[Untitled] Stella Lees , 2009 single work review
— Appears in: Viewpoint : On Books for Young Adults , Spring vol. 17 no. 3 2009; (p. 35)

— Review of Worldshaker Richard Harland 2009 single work novel
[Untitled] Anne Briggs , 2009 single work review
— Appears in: Magpies : Talking About Books for Children , May vol. 24 no. 2 2009; (p. 40)

— Review of Worldshaker Richard Harland 2009 single work novel
Untitled Lynne Babbage , 2009 single work review
— Appears in: Reading Time : The Journal of The Children's Book Council of Australia , August vol. 53 no. 3 2009; (p. 37)

— Review of Worldshaker Richard Harland 2009 single work novel
Dreaming 'Worldshaker' Richard Harland , 2009 single work column
— Appears in: Viewpoint : On Books for Young Adults , Summer vol. 17 no. 4 2009; (p. 2-3)

— Review of Worldshaker Richard Harland 2009 single work novel

Richard Harland reflects on writing Worldshaker, a 'very long story' based on ideas that came from 'a couple of dreams' (2). He describes three phases of writing the novel in terms of 'world building', 'growing of characters' and 'thematics' (2) and says one of its aims is to convey how 'childhood is far more precarious that we like to remember' (3). In this sense, Harland attempts to present 'growing up out of childhood [as] a time of strangeness, half facts and uncertainties' (3) through the genre of fantasy, which he says, has a tendency to 'bypass adult censorship and unlock forgotten memories' (3).

Centre Selection Lili Wilkinson , 2009 single work review
— Appears in: The Newsletter of the Australian Centre for Youth Literature , July no. 2 2009; (p. 20)

— Review of Worldshaker Richard Harland 2009 single work novel
Untitled Lorraine Dobbie , 2009 single work review
— Appears in: Fiction Focus : New Titles for Teenagers , vol. 23 no. 2 2009; (p. 25)

— Review of Worldshaker Richard Harland 2009 single work novel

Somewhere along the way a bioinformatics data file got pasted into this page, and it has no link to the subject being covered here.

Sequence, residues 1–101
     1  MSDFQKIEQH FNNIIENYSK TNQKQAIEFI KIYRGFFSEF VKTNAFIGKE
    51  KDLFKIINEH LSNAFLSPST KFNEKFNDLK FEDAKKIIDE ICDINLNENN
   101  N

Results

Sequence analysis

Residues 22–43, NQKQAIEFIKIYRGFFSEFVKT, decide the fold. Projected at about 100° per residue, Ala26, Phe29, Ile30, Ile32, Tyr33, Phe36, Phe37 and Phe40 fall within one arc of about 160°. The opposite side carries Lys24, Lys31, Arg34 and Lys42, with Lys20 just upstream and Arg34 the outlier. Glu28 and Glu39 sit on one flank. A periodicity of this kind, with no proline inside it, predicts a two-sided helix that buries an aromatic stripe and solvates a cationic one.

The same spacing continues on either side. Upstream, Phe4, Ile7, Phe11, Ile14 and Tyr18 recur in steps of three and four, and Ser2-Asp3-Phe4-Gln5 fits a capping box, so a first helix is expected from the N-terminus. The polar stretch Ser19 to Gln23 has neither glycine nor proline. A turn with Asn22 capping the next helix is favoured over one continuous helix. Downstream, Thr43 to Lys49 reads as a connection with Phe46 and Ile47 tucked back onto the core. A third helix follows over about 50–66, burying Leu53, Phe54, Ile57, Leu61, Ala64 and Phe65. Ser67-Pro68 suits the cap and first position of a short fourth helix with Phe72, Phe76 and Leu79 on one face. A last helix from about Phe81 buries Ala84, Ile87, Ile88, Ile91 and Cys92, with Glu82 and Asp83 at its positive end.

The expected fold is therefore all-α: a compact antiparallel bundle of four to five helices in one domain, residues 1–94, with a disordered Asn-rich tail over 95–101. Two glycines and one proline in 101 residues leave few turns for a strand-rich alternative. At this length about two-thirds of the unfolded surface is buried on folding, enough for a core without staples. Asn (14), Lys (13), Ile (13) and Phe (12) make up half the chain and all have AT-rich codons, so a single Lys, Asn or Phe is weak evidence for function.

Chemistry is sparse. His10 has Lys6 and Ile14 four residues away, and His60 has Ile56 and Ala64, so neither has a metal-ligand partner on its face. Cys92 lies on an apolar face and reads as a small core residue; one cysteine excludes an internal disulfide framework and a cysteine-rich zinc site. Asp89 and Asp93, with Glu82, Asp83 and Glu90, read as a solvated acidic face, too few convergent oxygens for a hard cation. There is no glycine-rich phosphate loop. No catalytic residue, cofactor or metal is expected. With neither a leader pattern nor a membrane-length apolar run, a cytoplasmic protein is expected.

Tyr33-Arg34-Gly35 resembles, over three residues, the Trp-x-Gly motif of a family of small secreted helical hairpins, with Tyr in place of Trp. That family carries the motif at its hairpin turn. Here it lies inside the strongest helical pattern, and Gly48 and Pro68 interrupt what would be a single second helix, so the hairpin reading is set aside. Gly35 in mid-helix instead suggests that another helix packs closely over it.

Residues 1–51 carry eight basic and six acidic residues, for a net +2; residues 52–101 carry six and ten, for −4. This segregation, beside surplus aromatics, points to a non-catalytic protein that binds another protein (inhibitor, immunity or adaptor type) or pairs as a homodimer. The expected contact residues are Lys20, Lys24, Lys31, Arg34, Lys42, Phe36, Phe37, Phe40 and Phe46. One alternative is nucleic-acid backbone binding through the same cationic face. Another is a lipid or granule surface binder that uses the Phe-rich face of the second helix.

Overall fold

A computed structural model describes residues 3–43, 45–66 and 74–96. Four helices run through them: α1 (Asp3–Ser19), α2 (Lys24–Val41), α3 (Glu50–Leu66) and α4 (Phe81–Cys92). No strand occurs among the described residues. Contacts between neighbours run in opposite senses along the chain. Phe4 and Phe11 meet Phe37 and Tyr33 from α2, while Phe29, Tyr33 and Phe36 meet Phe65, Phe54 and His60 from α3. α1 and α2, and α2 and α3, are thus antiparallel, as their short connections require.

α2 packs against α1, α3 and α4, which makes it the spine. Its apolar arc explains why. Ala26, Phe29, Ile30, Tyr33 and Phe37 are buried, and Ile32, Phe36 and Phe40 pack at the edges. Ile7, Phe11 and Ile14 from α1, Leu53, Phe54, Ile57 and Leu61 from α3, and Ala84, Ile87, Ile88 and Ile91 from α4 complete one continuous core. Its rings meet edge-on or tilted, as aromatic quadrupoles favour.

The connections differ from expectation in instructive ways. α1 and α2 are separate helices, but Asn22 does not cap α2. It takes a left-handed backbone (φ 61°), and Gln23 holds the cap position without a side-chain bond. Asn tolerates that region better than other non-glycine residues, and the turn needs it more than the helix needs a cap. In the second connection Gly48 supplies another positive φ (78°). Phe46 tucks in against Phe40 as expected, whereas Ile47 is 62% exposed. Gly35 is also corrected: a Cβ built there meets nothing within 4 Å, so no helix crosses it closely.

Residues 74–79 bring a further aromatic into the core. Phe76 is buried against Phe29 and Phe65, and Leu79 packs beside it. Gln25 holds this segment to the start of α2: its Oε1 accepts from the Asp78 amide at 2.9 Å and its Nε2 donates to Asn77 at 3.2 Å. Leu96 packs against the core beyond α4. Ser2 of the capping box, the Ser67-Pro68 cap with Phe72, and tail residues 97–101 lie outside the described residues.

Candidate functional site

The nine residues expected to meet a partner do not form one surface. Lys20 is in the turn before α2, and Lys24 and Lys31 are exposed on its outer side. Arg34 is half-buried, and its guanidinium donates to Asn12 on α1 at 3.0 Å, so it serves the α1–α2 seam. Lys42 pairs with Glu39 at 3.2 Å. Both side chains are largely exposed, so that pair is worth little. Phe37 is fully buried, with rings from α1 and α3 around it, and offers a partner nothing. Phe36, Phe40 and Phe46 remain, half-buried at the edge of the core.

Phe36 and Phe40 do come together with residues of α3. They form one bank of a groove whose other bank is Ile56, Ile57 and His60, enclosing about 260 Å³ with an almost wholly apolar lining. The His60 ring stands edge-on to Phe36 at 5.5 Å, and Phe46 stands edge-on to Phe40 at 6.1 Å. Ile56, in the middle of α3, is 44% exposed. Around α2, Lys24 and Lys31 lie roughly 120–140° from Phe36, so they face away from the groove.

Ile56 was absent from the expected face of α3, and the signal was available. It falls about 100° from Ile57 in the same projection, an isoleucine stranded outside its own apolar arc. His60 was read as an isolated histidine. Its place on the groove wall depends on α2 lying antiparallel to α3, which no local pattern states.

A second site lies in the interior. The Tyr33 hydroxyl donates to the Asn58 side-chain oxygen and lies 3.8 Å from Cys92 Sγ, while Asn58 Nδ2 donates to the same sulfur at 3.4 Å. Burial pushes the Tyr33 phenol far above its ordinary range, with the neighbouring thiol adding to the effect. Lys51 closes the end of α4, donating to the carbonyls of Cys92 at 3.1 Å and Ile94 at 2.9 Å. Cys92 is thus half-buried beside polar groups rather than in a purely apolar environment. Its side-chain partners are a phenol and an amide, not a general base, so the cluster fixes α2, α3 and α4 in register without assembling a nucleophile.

Untitled 2009 single work review
— Appears in: Andromeda Spaceways Inflight Magazine , no. 43 2009; (p. 103)

— Review of Worldshaker Richard Harland 2009 single work novel
World Shaker by Richard Harland Jonathan Dean , 2009 single work review
— Appears in: Infinitas Newsletter , August vol. 18 no. 8 2009; (p. 3)

— Review of Worldshaker Richard Harland 2009 single work novel
Untitled James Francis , 2009 single work review
— Appears in: Bookseller + Publisher Magazine , April vol. 88 no. 7 2009; (p. 36)

— Review of Worldshaker Richard Harland 2009 single work novel
Shaken, Jolted and Wandering Marisa Pintado , 2009 single work review
— Appears in: The Canberra Times , 30 May 2009; (p. 18)

— Review of Worldshaker Richard Harland 2009 single work novel ; The Lucky Ones Tohby Riddle 2009 single work novel
Untitled Jason Nahrung , 2009 single work review
— Appears in: The Courier-Mail , 8 - 9 August 2009; (p. 21)

— Review of Worldshaker Richard Harland 2009 single work novel
[Untitled] Stella Lees , 2009 single work review
— Appears in: Viewpoint : On Books for Young Adults , Spring vol. 17 no. 3 2009; (p. 35)

— Review of Worldshaker Richard Harland 2009 single work novel
[Untitled] Anne Briggs , 2009 single work review
— Appears in: Magpies : Talking About Books for Children , May vol. 24 no. 2 2009; (p. 40)

— Review of Worldshaker Richard Harland 2009 single work novel
Untitled Lynne Babbage , 2009 single work review
— Appears in: Reading Time : The Journal of The Children's Book Council of Australia , August vol. 53 no. 3 2009; (p. 37)

— Review of Worldshaker Richard Harland 2009 single work novel
Dreaming 'Worldshaker' Richard Harland , 2009 single work column
— Appears in: Viewpoint : On Books for Young Adults , Summer vol. 17 no. 4 2009; (p. 2-3)

— Review of Worldshaker Richard Harland 2009 single work novel